Pinning down precisely wherein personal identity consists is certainly a thorny problem in philosophy, which has been debated for centuries and still seems quite far from a definitive solution. I can't promise to solve it for you, but here are a few considerations that you might find it interesting to ponder:

1. Let's look at the way you set up your question: "As you gain knowledge and change your opinion, your personality changes and you seem to be totally different then you were before." You're using the same pronoun throughout, which is already enough to imply that there is just one enduring thing here to which this pronoun continues to refer. If you really believed that the things which existed in these different times really were distinct, wouldn't you refer to them in different ways? Moreover, you're attributing to change to something, but that too seems to imply an enduring identity. The very notion of change, the notion that a thing is now different from how it used to be, suggests that the same thing existed then as exists now, but merely happens to have different properties in these two different times. This, in turn, implies that the 'self' cannot simply be equated with the bundle of properties that it possesses at any given moment, and that these can come and go without any change in the identity of the self. But perhaps you might feel that it's a mistake to put too much weight on the accidents and imperfections of language, and don't feel that we can draw any valid metaphysical conclusions from the way we happen to use pronouns and so forth. In which case, then consider this:

2. How do you propose to 'live completely in the present'? It's easy enough (though imprudent) to disregard the long-term consequences of one's behaviour: but, no matter how self-indulgent and dissolute one's behaviour might be, one does still have to wait some time to reap the benefits. I'm glad that you added "... or even 5 minutes ago" to the way you set up the question, because this is a very important point. If we push your argument to its logical conclusion, you won't have any reason to care about what experiences 'you' (or, to avoid begging the question, someone very much like you) are going to have in five minutes from now, or even in just a few seconds. Suppose you were to decide: "I don't care about the future; I don't care whether I'm going to be living on the streets in a year's time, or hungover tomorrow; I'm just going to get blind drunk tonight, because tonight is all I care about." But your argument would suggest that the person (or people) who exists through the remainder of this evening is not the same person as you: so why would you care about the pleasures they are going to have in the near future, any more than you care about the pains they're going to incur in the further future? All that you can do right now is lift the glass to your lips. It takes time for the alcohol to get into your stomach, and then into your bloodstream, and finally into your brain: but, by then, and by your logic, it will no longer be your brain. So the argument in favour of disregarding negative consequences to yourself seems to speak equally against seeking positive benefits for yourself.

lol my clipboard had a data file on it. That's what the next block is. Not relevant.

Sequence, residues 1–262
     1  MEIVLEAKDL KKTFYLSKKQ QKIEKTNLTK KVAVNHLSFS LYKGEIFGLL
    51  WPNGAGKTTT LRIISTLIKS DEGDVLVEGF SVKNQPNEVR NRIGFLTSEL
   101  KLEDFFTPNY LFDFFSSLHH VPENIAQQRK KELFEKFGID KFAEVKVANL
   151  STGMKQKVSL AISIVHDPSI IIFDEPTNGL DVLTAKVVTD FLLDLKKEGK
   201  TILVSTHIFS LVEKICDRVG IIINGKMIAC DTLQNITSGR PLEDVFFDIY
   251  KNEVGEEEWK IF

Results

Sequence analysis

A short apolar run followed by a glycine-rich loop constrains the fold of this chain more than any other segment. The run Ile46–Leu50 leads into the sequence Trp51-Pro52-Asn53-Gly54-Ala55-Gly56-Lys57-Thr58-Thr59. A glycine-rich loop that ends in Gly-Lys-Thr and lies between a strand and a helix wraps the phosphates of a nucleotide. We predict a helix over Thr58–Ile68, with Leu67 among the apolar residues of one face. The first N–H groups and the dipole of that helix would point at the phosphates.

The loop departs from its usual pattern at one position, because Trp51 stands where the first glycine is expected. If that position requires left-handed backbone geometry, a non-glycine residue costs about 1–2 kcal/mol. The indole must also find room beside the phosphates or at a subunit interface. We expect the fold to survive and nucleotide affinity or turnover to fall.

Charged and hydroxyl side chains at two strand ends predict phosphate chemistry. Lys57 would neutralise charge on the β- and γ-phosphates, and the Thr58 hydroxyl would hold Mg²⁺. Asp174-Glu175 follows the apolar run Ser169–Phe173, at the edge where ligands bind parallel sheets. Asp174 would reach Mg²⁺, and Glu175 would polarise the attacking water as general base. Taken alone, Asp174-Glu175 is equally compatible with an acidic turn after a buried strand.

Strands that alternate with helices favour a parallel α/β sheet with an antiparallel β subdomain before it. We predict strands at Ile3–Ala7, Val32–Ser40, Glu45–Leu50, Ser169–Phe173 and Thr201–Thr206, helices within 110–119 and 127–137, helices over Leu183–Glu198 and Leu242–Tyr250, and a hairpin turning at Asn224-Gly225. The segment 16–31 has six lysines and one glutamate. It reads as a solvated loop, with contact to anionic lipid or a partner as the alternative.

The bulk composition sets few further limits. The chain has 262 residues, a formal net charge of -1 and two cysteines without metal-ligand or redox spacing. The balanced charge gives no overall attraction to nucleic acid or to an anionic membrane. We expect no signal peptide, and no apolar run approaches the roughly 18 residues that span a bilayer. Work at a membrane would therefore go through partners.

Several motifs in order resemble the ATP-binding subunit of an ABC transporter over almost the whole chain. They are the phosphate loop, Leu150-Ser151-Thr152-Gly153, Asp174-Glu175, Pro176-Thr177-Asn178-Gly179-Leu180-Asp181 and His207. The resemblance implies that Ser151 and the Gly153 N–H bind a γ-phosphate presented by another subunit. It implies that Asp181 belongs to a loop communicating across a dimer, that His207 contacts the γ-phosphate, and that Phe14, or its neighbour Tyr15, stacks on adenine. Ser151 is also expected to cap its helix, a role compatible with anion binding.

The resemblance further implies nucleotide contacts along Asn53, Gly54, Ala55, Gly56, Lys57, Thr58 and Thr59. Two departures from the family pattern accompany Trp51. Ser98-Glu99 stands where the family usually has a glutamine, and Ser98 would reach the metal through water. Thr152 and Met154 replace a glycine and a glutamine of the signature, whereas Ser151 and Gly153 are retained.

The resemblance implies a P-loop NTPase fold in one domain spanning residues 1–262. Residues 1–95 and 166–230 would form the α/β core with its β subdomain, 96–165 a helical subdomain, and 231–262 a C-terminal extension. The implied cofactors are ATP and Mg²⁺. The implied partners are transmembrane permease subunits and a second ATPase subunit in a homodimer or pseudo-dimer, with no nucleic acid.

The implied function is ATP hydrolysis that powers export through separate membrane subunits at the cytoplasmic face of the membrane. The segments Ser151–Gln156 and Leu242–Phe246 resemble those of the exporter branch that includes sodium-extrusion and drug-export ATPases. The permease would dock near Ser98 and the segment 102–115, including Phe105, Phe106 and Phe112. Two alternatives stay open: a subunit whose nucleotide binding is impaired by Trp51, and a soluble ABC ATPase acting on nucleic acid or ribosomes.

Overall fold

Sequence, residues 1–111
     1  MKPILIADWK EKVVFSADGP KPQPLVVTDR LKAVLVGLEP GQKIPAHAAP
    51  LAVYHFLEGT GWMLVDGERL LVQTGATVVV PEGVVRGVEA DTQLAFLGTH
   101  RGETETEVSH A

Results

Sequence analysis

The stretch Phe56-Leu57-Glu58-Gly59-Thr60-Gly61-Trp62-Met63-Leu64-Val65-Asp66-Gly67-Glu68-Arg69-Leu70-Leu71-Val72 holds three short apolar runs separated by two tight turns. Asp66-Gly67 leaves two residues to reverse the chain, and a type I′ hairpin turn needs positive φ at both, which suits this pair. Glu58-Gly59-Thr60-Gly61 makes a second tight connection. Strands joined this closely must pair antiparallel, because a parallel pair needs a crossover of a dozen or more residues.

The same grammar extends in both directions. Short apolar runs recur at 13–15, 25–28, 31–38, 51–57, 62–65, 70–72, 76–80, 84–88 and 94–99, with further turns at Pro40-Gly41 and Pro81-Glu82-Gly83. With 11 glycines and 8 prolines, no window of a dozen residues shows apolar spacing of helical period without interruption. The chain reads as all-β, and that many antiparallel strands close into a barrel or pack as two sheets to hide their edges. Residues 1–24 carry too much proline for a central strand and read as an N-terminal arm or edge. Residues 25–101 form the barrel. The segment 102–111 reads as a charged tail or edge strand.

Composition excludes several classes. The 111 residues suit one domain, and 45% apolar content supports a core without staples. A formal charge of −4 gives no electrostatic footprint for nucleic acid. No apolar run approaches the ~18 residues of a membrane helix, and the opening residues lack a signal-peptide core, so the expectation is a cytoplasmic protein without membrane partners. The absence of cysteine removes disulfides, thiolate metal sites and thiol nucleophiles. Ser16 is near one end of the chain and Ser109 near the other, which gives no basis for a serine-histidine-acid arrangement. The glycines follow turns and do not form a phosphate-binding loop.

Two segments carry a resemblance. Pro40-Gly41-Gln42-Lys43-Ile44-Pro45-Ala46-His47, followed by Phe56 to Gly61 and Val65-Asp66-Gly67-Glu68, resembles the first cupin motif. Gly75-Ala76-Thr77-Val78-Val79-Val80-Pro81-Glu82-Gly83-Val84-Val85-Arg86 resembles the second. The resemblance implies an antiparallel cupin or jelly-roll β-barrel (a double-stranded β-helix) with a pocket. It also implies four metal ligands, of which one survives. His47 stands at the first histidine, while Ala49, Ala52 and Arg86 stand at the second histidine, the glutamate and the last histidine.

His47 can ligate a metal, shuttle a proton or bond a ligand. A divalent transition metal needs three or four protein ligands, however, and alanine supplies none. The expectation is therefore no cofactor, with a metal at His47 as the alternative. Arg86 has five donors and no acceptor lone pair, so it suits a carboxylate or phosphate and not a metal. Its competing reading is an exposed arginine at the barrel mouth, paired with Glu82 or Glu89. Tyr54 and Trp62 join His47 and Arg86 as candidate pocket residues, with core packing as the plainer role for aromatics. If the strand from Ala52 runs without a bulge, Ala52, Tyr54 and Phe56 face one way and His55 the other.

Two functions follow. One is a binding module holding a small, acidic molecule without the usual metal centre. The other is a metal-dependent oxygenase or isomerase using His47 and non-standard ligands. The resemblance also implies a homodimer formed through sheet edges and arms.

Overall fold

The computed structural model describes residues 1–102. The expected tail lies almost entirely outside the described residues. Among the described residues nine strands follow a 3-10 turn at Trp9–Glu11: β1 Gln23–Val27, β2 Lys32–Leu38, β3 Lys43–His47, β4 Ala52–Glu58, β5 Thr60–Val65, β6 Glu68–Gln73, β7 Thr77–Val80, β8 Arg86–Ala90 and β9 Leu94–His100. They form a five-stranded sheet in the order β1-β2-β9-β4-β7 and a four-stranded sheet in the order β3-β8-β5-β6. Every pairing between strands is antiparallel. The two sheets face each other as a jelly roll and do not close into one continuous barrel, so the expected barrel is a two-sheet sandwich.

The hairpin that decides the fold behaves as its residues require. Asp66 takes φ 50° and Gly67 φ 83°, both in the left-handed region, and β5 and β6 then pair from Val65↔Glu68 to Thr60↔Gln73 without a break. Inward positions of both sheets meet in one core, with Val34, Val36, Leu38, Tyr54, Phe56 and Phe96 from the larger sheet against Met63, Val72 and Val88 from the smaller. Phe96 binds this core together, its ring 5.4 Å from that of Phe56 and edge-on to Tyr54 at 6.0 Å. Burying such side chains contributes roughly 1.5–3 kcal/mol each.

3. But let's suppose that the person who exists in a year, or in five minutes from now, really is a different person from you, as different from you as the person you see on the other side of the room right now. Don't we still have responsibilities towards other people? If you were to do something purely self-serving, without giving any regard to the negative impact that your action was having on the people currently around you, most people would say that you were morally at fault. Why, then, shouldn't we also say the same thing about future individuals? Even if we allow that they are not literally identical with you, shouldn't you still give them the same regard as you would to any other distinct person?